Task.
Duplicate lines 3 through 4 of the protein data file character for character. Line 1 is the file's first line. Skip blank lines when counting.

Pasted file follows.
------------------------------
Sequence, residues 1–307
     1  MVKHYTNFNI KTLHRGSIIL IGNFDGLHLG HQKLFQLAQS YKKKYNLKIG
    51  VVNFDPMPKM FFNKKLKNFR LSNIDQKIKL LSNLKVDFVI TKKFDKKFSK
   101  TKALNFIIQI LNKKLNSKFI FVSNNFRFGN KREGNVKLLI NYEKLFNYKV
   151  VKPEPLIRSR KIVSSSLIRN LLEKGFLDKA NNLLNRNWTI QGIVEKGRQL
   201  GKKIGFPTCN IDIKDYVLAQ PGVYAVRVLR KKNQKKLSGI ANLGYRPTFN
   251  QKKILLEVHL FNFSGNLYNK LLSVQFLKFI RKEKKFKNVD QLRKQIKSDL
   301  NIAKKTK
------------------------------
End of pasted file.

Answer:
    51  VVNFDPMPKM FFNKKLKNFR LSNIDQKIKL LSNLKVDFVI TKKFDKKFSK
   101  TKALNFIIQI LNKKLNSKFI FVSNNFRFGN KREGNVKLLI NYEKLFNYKV